11 ways to make your property more secure
- Do not open the door to uninvited visitors.
- Close and lock the garage door.
- Use your alarm system all the time, even when you take a quick trip to the store or visit next-door neighbors.
Choose a coming weekend and go over these 11 steps—which vary from low-effort, no-cost tasks to more-involved, pricier plans—to improve your property’s security.
1. Be smart with your keys and garage door remotes.
Don’t leave car and house keys and remotes near the door or otherwise visible inside your house. Secure them inside a cupboard or a drawer to keep them hidden.
2. Add warning signs
Place security company lawn sign or window stickers near all entryways of your property. Also, post a few “Beware of Dog” signs in visible spots, say at the front of the house or on a gate to the backyard.
3. Lock up the ladder
Don’t store a ladder outside. A burglar, perhaps posing as a laborer or contractor, could use it to gain access to a second-floor window or balcony.
4. Light up the outside
If you don’t have them already, install outdoor lighting with infrared motion sensors and install one near each point of entry. Replace any burned-out light bulbs and put your porch lights on timers. Find the best bulbs for outdoor uses.
5. Install timers
When you leave for work or errands or go on vacation, you can create a “someone’s home” look using timers on lights and TVs. The fake television, for example, simulates the flickering lights of television, and from outside, it appears that somebody is watching TV.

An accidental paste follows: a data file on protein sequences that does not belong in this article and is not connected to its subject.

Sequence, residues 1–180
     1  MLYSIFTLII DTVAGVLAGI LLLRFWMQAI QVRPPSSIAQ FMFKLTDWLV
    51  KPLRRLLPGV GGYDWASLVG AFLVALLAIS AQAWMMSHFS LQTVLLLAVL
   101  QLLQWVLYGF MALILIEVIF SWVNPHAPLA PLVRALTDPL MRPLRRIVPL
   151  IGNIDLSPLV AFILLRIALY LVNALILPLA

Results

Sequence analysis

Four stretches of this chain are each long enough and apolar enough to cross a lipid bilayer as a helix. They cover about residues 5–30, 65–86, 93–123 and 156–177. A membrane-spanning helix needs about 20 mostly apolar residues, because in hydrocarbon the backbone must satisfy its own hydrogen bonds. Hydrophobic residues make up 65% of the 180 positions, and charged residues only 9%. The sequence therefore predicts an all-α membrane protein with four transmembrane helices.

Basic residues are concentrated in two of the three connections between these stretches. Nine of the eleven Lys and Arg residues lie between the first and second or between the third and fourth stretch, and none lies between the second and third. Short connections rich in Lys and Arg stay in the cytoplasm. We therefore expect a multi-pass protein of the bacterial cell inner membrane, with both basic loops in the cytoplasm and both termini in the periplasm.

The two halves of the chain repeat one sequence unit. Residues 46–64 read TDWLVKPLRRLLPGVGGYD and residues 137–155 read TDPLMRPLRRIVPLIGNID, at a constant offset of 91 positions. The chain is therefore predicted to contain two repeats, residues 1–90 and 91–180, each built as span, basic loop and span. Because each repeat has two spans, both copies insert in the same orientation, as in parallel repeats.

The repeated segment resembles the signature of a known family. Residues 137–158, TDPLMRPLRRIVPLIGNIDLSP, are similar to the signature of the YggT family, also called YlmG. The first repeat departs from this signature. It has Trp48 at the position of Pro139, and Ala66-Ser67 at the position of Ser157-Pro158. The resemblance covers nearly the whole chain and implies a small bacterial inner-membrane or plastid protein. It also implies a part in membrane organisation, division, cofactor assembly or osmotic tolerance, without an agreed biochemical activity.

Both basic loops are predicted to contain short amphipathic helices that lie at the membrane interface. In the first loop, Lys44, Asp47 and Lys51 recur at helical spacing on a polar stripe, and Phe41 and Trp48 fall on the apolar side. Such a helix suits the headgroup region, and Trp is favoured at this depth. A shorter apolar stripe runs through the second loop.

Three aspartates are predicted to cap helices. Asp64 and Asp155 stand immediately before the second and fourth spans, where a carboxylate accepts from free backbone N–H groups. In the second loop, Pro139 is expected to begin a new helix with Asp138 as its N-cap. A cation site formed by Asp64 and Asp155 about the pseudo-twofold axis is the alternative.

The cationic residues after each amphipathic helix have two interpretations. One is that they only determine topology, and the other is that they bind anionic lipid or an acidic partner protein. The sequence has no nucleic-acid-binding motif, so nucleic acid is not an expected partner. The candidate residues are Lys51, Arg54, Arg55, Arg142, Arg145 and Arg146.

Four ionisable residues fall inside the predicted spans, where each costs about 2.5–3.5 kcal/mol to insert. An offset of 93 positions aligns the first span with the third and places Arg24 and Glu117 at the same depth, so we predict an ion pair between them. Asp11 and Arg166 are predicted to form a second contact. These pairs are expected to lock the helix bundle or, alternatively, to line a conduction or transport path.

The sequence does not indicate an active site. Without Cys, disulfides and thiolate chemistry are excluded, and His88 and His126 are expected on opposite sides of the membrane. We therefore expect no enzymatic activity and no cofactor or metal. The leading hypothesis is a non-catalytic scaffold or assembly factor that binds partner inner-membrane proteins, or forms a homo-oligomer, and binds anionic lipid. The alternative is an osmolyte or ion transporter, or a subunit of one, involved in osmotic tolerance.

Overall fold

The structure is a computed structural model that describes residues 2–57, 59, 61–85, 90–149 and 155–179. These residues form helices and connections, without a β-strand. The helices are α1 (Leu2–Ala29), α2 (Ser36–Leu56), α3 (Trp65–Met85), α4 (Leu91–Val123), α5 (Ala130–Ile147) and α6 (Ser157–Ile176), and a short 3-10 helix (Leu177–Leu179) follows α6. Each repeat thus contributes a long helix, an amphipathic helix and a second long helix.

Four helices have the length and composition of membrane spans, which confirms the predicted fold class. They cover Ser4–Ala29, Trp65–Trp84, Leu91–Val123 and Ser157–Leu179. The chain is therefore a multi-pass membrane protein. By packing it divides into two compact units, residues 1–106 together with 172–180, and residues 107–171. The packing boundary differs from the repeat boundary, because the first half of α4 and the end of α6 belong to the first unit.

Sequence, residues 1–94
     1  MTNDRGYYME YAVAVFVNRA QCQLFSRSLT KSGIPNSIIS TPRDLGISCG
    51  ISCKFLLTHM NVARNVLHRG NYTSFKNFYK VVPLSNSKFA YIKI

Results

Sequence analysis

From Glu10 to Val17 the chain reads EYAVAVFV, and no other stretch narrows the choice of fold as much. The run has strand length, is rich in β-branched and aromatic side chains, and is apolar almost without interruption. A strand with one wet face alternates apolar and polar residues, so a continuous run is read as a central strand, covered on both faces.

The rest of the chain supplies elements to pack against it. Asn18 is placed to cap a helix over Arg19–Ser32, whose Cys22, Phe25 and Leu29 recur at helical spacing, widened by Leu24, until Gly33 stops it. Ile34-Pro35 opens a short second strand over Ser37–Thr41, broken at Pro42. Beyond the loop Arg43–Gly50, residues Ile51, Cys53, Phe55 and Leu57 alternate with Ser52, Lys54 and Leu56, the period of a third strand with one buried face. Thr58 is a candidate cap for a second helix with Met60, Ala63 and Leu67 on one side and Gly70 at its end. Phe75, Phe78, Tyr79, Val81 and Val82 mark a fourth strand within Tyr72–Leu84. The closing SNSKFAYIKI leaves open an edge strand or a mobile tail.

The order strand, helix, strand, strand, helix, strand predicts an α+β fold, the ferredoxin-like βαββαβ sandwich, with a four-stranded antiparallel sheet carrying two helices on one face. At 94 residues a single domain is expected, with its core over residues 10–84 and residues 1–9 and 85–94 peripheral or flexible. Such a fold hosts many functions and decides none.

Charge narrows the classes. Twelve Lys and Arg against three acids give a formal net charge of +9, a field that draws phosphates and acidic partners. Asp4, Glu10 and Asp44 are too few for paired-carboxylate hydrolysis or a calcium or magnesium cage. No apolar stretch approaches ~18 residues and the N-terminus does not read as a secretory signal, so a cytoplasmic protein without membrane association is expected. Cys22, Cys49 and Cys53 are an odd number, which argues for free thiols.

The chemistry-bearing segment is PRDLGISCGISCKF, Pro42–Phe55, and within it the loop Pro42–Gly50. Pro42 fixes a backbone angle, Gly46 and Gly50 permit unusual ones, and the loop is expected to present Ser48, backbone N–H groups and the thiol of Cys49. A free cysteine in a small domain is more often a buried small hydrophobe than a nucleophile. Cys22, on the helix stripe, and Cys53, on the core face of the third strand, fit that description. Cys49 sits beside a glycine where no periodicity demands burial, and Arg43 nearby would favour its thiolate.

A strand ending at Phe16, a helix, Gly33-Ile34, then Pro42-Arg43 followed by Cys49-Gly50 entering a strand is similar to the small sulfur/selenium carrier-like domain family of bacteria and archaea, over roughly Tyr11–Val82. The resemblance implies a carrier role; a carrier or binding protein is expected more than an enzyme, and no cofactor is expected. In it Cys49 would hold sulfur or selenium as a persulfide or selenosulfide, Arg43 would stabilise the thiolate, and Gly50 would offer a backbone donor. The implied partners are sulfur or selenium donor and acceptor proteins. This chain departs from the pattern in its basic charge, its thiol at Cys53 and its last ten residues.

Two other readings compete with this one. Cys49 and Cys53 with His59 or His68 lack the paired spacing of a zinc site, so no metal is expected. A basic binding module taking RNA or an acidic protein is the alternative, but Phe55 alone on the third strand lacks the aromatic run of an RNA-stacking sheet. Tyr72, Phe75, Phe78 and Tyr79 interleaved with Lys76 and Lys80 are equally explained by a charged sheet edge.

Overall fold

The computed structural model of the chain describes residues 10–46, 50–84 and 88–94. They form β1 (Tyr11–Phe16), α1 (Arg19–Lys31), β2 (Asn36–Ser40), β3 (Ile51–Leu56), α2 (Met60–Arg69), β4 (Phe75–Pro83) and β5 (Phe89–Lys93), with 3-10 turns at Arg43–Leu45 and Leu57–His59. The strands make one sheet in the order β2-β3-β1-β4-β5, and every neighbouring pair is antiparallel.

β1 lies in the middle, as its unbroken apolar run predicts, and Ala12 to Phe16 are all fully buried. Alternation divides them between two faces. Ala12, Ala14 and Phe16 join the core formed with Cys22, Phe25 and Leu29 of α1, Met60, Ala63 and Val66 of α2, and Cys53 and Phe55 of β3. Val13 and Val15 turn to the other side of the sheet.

6. Protect air conditioning units
Unprotected window air conditioners could provide an easy entry point for a burglar. Use an air conditioner support, sliding window lock, or corner braces.
7. Eliminate hiding spots
If your shrubs are too tall, bushy, or not well spaced, you’re providing a nice hiding spot for a potential thief.
8. Check windows
Are the window locks functioning? If not, get them fixed or replace them. Also consider aftermarket window locks, which let you open the window a few inches while still keeping it secure. Another alternative is to use inexpensive window break alarms.
9. Evaluate doors
Okay, so you’re probably not going to be able to install new doors by yourself over a weekend. But you can inspect your front, side, and back doors. Replace hollow doors with solid-core (solid wood or metal) or metal-clad doors.
Sliding-glass doors have a lock to close them but are often an easy point of entry for burglars. To make one more secure, place a wood pole cut to size or an adjustable safety bar available at any hardware store, or consider adding a floor bolt.
10. Call a security expert
Many local security companies offer complimentary home inspections. A security expert walks through your property and recommends simple, cost-effective changes to tighten security.
11. Replace weak locks
Locks are the weakest point on a door. Make sure you have a grade 1 or grade 2 deadbolt lock that penetrates the door frame. The strike plate—the stationary piece that the bolt enters—must be heavy duty, made of solid metal or brass, with six three-inch-long screws that penetrate the door jamb and the door frame.